For example, if you were quitting a job because you found a new position with higher pay and better benefits, you might elaborate on how you did not feel your wages reflected your education and experience level. Or, you can describe how you feel the benefits package does not cover your basic health care, retirement and time off needs.
5. Complete your transition work
As you transition into your next role, you likely have transition work to complete before you leave. This work often helps an employer close open projects and complete your contribution to the company, so it is important to take it seriously and complete it as soon as possible. This might include filing paperwork, transitioning your reports or documents to the right department and completing any open projects. Remember to put effort into your work during your last few weeks. Consistency can show professionalism and pride in your work and may help influence an employer's decision to provide a recommendation.
Some employers may end your employment the same day of your declaration if you are going to work for a competitor. This is typically a standard practice, and it helps prevent current employees from sharing any company information or trade secrets with a competitor. If this occurs, collect your personal items, turn in your work equipment and thank the employer for the opportunity to work with them.
Related: What Are Career Opportunities and How to Choose the Right One
6. Help train your replacement
When you vacate a position, an employer may find a replacement before you finish your tenure. This can allow for an opportunity to train the replacement, which also might be something an employer requires before your resignation. Train your replacement to handle your day-to-day responsibilities and guide them on best practices for the job. While it may take longer than a few weeks to effectively train a new employee, your advice and guidance can be incredibly helpful in helping them assimilate into the role and the company culture. Training your replacement is also a professional courtesy most employers appreciate.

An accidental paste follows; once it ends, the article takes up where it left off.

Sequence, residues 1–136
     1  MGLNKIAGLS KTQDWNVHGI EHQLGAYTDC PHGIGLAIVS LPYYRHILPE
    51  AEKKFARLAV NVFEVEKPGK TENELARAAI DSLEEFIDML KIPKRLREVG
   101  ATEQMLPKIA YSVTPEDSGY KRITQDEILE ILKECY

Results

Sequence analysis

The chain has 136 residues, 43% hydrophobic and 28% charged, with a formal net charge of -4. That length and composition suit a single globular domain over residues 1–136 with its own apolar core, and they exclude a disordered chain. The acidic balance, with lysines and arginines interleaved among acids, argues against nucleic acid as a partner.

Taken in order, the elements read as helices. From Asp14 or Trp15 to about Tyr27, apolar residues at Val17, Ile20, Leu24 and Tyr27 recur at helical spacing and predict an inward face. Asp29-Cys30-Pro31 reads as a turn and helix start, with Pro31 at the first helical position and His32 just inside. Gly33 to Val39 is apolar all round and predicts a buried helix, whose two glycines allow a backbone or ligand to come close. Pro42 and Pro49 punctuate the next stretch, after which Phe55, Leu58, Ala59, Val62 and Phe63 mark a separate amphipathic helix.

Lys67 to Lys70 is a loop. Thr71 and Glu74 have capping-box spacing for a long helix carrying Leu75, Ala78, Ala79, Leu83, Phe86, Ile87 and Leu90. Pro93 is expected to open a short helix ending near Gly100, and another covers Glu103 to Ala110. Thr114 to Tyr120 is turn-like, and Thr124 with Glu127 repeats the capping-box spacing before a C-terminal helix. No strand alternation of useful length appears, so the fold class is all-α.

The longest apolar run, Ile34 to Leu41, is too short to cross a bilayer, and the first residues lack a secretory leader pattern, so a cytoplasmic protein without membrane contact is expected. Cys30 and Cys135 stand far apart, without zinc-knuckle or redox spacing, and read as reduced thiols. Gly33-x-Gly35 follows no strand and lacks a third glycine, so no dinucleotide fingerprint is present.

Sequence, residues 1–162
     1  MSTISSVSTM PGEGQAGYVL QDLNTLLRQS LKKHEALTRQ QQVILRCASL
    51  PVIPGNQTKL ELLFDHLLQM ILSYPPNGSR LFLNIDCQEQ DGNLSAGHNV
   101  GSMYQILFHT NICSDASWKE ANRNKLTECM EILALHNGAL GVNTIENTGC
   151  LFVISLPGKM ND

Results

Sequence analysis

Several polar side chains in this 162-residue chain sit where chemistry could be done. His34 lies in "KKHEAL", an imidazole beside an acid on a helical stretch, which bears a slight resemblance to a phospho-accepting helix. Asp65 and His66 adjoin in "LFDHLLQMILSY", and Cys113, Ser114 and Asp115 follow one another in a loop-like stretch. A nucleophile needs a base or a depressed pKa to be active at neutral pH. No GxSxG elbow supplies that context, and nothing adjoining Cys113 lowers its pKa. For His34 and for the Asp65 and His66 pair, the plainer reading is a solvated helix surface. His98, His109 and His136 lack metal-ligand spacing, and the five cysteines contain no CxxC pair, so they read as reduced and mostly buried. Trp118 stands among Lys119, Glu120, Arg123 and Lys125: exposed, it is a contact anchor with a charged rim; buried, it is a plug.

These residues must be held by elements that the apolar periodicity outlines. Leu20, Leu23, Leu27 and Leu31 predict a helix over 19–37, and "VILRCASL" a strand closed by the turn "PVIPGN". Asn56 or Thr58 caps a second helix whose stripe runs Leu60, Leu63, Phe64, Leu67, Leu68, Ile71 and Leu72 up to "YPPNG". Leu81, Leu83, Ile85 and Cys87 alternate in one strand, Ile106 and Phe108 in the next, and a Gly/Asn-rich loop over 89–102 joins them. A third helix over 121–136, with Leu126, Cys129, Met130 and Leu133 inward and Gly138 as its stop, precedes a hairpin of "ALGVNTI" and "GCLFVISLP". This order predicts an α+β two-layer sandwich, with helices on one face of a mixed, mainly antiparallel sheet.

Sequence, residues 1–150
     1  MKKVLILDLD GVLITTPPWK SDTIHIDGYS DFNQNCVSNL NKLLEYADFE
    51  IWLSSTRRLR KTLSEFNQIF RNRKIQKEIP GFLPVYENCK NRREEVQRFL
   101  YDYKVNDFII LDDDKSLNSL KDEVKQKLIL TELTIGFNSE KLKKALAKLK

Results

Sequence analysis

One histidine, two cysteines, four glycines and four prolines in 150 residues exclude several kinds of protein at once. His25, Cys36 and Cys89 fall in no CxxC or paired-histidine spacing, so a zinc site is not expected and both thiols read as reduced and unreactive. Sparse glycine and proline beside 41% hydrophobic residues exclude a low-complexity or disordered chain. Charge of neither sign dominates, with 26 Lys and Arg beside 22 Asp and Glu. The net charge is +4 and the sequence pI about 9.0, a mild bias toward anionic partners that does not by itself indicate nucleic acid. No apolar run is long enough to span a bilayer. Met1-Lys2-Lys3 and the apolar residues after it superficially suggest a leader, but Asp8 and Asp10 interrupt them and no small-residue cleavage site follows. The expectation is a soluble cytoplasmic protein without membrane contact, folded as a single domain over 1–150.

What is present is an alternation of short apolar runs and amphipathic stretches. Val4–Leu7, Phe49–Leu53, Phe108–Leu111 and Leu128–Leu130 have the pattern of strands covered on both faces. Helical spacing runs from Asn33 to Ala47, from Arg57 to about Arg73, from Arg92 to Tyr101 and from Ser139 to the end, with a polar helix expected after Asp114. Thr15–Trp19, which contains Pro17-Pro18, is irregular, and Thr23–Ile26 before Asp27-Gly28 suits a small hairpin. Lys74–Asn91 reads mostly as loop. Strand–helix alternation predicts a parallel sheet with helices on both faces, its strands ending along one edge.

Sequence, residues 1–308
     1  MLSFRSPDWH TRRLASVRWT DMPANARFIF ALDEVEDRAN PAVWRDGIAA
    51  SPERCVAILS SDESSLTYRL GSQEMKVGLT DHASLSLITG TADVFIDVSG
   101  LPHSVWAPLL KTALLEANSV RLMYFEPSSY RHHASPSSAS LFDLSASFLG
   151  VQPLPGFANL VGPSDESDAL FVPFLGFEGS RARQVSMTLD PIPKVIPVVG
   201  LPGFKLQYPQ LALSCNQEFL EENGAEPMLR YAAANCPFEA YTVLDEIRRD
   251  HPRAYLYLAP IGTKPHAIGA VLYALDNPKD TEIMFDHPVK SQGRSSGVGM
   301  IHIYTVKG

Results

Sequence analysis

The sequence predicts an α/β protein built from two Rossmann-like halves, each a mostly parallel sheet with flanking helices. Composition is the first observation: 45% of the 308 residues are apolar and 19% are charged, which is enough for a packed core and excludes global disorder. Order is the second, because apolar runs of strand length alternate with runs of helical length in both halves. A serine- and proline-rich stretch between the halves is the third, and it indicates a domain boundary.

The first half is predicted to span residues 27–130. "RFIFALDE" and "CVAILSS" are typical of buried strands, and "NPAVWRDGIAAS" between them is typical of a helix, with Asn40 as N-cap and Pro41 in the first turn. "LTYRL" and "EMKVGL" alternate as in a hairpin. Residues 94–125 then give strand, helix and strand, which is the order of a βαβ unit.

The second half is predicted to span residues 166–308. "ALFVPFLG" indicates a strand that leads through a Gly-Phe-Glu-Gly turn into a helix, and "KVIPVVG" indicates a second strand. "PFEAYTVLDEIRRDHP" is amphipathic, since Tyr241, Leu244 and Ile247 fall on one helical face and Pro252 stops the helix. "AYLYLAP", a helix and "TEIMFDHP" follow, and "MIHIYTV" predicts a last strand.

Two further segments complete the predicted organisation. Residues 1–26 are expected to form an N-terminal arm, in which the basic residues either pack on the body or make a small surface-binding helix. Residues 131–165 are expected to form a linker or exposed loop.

Related: Tips And Examples For How To Format A Resignation Letter In India
7. Share gratitude for the opportunity to work for the company
It is important to always express gratitude for any position you are leaving. The company allowed you to work with them and learn new skills, so thank them for their time and be polite with negative feedback. You can express gratitude both in your resignation letter and in any in-person meetings you might have prior to leaving. You can also thank your colleagues for their teamwork and support. This can help you maintain those crucial professional ties for your network. You or they might be in a position later to help with career options, so be courteous.
Related: Simple Resignation Letter: How To, Tips And Example
Tips For Transitioning To A New Position
Here are some helpful tips for transitioning to a new position:
Be respectful. Even if you are leaving a position for negative reasons, it is important to maintain your professional reputation and connections by being respectful, both with your feedback and with the exit process.
Offer help. Even if an employer does not directly ask for your help with new recruits, you can offer to help train your replacement as a professional courtesy and gesture of appreciation for the employment opportunity.
Clean your workspace. Cleaning your workspace helps create a fresh work area for a new employee and can show that you are both respectful and organised. Clean your work area prior to leaving and be sure to take all of your personal belongings with you.
Maintain work quality. Even with your last day coming up, it is important to maintain your work quality until you officially depart. This helps the company stay on schedule and can help maintain that professional relationship with your employer.
Read the employee handbook. It is important to review the handbook before you depart so you know what benefits, if any, you are entitled to when you resign from a position. Review the document so you can be better prepared for the resignation meeting.